MLB’s Opening Week in Review

Ahh, Opening Day. There are no two words that are so pure with possibility, so ripe with renewal. No matter the projections or analysis by baseball pundits, everyone is undefeated on this day. Opening Day encapsulates the eternal hope that defines Spring. However, once a few games have been played, this optimism fades and the reality that only a third of teams will play into October sets in. With one week of action in the books, here are my main takeaways from the opening week of the 2017 MLB season.

Pace of Play:

Debates about ways to speed up the pace of play in baseball have dominated the offseason. While commissioner Rob Manfred has shown an eagerness to bring more action to a game that many feel has become too slow for the diminished attention span of modern day sports fans, there is still work to be done.

This season there have been a few new rule changes to the replay system that have brought nothing but positive changes. First, managers only have thirty seconds to decide whether or not they want to challenge a play. So far I am a big fan of this rule. Managers are now forced to make hair trigger decisions on whether or not to challenge based off of one or two replays rather than being allowed to spend several minutes consulting with the video team upstairs. This rule not only speeds up the game, it also rewards teams with managers who are effective communicators and decision makers. A perfect example of this occurred in Thursday’s game between the Giants and Diamondbacks. In the top of the 6th, Brandon Belt was called safe at second on a steal. Upon further review, it appeared that Belt was probably out at second, but the D’Backs felt they did not have conclusive evidence and decided not to challenge it. Belt went on to score on a single to left. New manager Torey Lovullo and his team did not react quickly enough and rightly suffered the consequences. The Diamondbacks went on to win this game handedly, but ineffective communication could prove costly to teams in closer games going forward.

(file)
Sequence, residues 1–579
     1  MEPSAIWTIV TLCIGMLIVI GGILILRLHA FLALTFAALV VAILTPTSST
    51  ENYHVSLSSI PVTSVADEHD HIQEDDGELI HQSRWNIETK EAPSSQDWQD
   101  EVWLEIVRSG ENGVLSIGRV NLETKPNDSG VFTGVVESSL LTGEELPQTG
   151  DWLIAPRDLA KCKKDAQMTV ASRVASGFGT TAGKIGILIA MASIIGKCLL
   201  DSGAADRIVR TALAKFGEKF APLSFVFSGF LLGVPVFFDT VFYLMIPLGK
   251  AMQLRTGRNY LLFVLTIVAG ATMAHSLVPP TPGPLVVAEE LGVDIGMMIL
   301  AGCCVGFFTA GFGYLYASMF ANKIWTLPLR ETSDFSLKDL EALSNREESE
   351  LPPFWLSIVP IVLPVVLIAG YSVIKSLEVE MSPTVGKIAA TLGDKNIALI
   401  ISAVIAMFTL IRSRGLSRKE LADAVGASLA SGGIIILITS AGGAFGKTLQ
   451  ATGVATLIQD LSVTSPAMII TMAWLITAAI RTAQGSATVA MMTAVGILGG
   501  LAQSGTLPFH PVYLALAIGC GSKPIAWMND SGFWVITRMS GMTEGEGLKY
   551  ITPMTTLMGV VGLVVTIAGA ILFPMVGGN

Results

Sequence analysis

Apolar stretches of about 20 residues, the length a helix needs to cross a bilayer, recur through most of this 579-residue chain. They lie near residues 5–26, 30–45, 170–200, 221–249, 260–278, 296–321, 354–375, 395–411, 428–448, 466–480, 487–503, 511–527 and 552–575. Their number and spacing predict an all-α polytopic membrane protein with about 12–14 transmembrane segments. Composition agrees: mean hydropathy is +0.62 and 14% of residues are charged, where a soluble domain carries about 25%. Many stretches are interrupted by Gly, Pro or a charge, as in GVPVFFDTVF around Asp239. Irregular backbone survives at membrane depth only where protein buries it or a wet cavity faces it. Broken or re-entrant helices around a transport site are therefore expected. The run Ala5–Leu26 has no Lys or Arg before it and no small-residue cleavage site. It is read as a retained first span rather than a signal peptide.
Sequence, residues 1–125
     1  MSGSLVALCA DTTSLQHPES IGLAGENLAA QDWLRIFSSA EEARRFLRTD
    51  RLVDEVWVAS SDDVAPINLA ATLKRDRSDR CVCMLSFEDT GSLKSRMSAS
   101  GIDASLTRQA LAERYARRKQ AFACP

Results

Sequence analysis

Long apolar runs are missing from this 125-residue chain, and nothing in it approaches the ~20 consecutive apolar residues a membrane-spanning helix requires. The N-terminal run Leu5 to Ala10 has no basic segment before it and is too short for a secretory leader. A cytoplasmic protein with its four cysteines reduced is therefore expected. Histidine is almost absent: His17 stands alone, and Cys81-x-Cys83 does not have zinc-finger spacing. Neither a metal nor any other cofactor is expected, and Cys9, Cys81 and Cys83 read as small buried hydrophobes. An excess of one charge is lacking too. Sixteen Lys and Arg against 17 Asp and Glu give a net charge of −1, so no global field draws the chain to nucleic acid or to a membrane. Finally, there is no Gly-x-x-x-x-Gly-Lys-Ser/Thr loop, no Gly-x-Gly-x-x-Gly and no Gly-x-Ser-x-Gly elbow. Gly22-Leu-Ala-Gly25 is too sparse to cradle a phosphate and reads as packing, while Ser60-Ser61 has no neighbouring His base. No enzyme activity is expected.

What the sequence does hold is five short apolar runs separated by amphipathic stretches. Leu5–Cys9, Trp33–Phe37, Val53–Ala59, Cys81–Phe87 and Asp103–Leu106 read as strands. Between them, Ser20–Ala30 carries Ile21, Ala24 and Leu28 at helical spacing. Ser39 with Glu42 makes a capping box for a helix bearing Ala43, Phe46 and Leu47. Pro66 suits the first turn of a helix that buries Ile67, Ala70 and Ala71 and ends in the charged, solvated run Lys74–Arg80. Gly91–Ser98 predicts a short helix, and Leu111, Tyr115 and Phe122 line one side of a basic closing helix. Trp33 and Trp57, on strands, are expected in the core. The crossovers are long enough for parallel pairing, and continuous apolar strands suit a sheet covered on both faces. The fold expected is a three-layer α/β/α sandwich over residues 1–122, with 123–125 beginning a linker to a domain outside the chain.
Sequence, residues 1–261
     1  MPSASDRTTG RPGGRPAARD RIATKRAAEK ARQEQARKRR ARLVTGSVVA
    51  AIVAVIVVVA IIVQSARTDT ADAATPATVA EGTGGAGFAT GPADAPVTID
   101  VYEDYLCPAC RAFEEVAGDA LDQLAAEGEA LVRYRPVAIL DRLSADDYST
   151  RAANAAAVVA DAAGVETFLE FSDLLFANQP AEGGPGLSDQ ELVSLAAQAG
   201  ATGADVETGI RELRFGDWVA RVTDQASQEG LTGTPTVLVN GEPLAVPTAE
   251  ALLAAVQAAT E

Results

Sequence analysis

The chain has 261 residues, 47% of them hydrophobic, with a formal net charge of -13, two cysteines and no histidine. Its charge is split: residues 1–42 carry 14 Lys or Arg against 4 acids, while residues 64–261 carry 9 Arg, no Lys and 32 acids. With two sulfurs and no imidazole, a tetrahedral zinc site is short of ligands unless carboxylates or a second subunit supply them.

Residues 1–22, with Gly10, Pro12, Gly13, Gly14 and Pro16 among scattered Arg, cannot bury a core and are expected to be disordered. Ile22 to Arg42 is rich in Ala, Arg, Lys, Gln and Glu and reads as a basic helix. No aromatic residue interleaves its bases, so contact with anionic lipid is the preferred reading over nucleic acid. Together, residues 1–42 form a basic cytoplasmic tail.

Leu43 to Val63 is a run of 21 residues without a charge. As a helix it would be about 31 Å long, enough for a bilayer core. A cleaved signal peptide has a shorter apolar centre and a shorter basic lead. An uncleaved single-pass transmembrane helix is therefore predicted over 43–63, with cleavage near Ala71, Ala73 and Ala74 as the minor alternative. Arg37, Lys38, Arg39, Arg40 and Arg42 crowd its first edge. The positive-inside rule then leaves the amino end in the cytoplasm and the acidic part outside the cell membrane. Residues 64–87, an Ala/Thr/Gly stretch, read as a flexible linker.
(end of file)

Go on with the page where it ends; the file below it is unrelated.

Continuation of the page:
Second, umpires only have two minutes to make a decision on a replay review. Two minutes is plenty of time to make a decision. If an umpire has already seen a play four or five times and cannot make a decision, then the results are inconclusive and the play should remain as it was called on the field. This speeds up the game and prevents excessive deliberation by umpires.

Lastly, pitchers no longer having to throw four balls on intentional walks has been a refreshing rule change, despite it being relatively inconsequential. In the first week, there were 20 intentional walks issued and each time it happened, I was grateful I wouldn’t have to sit through the pitcher lobbing the ball to the catches four times in a row. In a time when we are inundated with news alerts, texts, snapchats, and social media notifications nearly every minute or every day, a dead spot in the action can force viewers to divert their attention elsewhere. The elimination of the traditional intentional walk eliminates that possibility.